[1] The essay appeared in English in the Hogarth Press standard edition of 1964. 
[2] My references are Wilhelm Reich: Character Analysis (1980), and The Function of the Orgasm: Discovery of the Orgone (1986).
[3] My references are Alfred Kinsey: Sexual Behavior in the Human Male (1948) and Sexual Behavior in the Human Female (1953).
[4] My sources are a whole spate of new books on the theme: The Deadly Dinner Party (2011), The Hundred-Year Lie (2007), Side Effects (2008), and Our Daily Meds (2009).

 

#  #  #  #  #  #  #  #  #

Yours truly appreciates your attention.  Stay tuned for more wonders.

Namaste,

Serena Anderlini-D’Onofrio, PhD

Gilf Gaia Extraordinaire
Author of Gaia and the New Politics of Love and many other books
Professor of Humanities

University of Puerto Rico, Mayaguez

Join Our Mailing List
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3 of 7 – Bisexual Epistemologies: A Journey from Nausea to Commitment

Bisexual Epistemologies: A Journey from Nausea to Commitment 
An occasional piece by
Serena Anderlini-D’Onofrio, PhD
For The Journal of Bisexuality’s 10th Anniversary Issue
Hi dear readers!
This seven-in-one piece will be great fun–yours truly promises.  Find out all the ins and outs of 10 years of Bisexuality!  What does “epistemology”mean?  Big word, right?  Well, all it means is that when you’re making love you’re producing knowledge.  A good thing!
We follow the Introduction with The Journey, and will have five more posts.  Really revealing of all those things about bi you’ve always been curious about.  Why is it so good?  What can it do for you?  For the planet?  For the future?  For authentic intimacy?  It’s all here, spiced with a bit of irony and critique of why we’re so behind on our agenda.  What’s keeping us from being more efficient.
Also arcane words you’ve been told have no meaning unless you got a PhD are explained–made very easy!  “Nausea,” “existentialism”: it’s all about the chakra system–really.  Commitment?  It’s not about going to jail (as in, “being committed”).  But rather, it’s about “being-in-action” about things.  Being the one who makes the difference!  No mysteries.  Woooooow!  Come back for more, will you?  We’ll post every week, on Tuesdays.
Namaste,
Serena

3. The Journey
Solitude, community.  Separation, intimacy.  Nausea, freedom.  Nausea, a manifesto of 20th century existentialism in Europe, is the first novel by Jean Paul Sartre, the French philosopher who was offered the Nobel Prize in Literature and had the gall to refuse it!  The novel was published in France in 1938, the fatal year when all bets were off for peace in that region.  The protagonist, Roquetin, felt nauseous from inaction in a world where love for love was disappearing, and was being replaced by fear of love, or erotophobia.  In trying to respond to the invitation to contribute, my mind went to this book.  What did Sartre’s nausea have to do with me?  Was I trapped in an existentialist dilemma like Roquetin?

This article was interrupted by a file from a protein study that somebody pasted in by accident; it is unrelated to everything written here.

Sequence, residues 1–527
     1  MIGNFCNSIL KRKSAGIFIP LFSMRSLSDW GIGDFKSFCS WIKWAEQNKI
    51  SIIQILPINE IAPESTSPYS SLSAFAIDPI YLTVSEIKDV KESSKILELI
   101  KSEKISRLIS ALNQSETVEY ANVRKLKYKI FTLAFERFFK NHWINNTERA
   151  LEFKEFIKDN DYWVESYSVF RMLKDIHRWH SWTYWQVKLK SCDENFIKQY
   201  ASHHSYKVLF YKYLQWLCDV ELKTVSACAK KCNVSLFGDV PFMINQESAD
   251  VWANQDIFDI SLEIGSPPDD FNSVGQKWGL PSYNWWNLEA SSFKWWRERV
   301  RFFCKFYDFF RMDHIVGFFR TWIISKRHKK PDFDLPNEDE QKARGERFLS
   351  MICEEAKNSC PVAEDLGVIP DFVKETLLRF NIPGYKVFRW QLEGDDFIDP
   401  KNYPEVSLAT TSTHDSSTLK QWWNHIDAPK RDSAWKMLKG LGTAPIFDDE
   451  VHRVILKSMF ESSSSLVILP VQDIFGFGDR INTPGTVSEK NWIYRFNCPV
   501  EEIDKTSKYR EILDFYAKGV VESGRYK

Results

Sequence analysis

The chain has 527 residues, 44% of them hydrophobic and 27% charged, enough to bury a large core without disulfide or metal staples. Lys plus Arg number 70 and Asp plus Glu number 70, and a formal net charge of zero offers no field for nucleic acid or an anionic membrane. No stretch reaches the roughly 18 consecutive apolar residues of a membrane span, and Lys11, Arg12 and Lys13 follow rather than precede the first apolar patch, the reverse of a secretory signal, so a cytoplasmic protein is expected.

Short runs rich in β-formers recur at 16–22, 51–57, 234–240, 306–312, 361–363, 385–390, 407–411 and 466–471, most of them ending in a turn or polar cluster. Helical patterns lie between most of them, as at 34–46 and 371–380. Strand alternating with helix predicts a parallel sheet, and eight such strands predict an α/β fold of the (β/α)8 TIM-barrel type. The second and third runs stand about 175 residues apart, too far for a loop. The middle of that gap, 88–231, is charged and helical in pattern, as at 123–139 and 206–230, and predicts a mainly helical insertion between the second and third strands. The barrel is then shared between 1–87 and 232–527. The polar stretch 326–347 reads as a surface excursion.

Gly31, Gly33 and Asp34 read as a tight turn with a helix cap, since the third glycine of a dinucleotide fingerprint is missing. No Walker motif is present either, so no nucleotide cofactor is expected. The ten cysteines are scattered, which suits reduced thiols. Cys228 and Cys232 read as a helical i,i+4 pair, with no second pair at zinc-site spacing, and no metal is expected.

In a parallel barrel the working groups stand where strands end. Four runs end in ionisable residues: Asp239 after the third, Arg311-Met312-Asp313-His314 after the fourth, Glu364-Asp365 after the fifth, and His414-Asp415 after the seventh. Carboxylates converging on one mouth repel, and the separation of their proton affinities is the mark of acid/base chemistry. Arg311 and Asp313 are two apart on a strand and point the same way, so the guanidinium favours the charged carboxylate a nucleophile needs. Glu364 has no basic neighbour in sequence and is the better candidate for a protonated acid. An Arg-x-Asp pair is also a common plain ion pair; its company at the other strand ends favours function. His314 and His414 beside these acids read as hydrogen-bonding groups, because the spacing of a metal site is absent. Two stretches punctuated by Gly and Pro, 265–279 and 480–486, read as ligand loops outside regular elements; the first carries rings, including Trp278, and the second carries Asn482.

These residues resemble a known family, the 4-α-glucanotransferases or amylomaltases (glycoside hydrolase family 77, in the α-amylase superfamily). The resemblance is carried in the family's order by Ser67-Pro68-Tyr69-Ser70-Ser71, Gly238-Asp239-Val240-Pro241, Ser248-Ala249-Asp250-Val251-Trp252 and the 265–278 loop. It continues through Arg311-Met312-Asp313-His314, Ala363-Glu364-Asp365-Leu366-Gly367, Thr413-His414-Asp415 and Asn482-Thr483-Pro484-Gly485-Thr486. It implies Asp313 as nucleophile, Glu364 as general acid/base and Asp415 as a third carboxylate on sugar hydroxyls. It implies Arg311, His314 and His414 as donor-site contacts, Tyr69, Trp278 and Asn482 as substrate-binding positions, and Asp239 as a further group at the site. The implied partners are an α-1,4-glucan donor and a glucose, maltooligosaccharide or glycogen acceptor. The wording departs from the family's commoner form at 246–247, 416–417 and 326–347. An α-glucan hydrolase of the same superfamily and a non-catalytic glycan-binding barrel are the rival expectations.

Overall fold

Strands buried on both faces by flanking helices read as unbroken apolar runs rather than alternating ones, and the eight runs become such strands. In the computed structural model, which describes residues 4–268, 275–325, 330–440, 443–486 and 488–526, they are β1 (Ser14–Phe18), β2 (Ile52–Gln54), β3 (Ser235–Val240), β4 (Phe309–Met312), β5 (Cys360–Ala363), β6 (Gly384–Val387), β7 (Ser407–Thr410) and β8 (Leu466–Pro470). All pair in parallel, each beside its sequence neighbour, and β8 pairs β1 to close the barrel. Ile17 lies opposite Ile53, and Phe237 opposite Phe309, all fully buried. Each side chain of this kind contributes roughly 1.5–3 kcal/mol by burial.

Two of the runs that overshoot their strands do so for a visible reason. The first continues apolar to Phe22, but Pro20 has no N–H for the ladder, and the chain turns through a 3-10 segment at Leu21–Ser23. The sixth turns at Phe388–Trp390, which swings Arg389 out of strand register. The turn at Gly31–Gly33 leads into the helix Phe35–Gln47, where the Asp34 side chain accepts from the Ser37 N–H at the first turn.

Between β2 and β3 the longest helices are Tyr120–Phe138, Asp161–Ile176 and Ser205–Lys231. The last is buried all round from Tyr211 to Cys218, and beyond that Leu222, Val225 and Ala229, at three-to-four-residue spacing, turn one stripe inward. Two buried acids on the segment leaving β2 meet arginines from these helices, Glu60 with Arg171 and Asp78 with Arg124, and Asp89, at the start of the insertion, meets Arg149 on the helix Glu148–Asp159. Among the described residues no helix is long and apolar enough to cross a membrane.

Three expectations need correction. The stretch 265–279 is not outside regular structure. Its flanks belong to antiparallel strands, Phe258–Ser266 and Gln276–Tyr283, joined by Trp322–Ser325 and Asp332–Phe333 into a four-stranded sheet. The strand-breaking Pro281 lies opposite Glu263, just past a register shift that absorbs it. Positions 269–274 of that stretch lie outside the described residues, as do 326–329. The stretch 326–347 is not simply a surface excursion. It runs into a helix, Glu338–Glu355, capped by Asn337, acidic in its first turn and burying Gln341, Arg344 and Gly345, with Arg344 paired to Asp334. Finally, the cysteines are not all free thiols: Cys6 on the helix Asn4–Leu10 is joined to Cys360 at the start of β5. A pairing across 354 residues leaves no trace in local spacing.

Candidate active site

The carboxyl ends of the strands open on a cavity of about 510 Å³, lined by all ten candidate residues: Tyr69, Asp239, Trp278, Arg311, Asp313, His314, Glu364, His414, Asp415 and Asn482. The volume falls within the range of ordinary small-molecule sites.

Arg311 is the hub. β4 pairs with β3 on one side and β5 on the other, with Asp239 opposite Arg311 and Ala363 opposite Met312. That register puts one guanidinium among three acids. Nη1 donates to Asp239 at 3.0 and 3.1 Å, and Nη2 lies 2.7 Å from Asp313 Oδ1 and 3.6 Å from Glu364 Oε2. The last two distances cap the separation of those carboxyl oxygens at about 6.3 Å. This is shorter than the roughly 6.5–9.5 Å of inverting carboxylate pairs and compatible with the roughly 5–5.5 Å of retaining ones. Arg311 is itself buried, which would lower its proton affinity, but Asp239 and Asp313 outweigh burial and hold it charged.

While in the throes of this, through the research networks that serve me I came across the latest report on bisexuality by the San Francisco Human Rights Commission: Bisexual Invisibility.  The Report identifies the bisexual contingent as the largest segment in the population that constitutes the LGBT community.  In this contingent, the majority are women to a much higher degree than in the general population.  The Report also establishes that biphobia, or the fear of bisexuality, runs rampant in LGBT institutions and the population they serve.  Last but not least, the Report also quantifies this invisibility in terms of US public funding earmarked for knowledge production and dissemination related to bisexuality.  Of the several millions in public funding received by the LGBT community, not one round cent was earmarked as bi in recent years. 
Of this I can give personal witness.  My period of collaboration with The Journal of Bisexuality  largely coincides with the probationary and tenured period of my academic career at the University of Puerto Rico, Mayaguez.  Its internally funded research programs have been quite generous until last year.  The Journal has benefitted from UPR’s internally funded research programs a great deal.  How else would I have edited four issues?  What is more, by choosing to fund and tenure me based on my guest-edited issues, the UPR Mayaguez campus has perhaps inadvertently produced the only known full professor based at an institution of the Western Hemisphere whose tenure is significantly based on bisexuality research.  The other two academics, also women, are quite well known and respected in the US, but they are from other hemispheres.  Public US grant institutions classify Puerto Rico as UMI (United States Minor Outlaying Island), which suggests scarce awareness of the island’s population of about four million.  US-based public and private funders have turned down my recent grant proposals, predictably.  In addition, the assault on the public sector the Republican governor Fortuño has been perpetrating in the past two years has wiped out any vestige of human rights at my institution.  It is causing all international colleagues to flee, with the likely effect to plunge the university in the throes of parochialism and fear.[1]  As a scholar activist, I have publicly embraced the project of educating the Federal Government grant institutions that have invited me to resubmit.  “Biphobia is not in the public’s best interest,” I’ve claimed, “let’s use public funding more efficiently.”  The mentioned report Bisexual Invisibility: Impacts and Recommendations, has been the reference document for this.  Here, I am offering my reflection as a way to educate private funders too, on the difficulties and life-threatening risks of doing the bisexuality research we do.  Thanks Human Rights Commission!  You are saving my life too.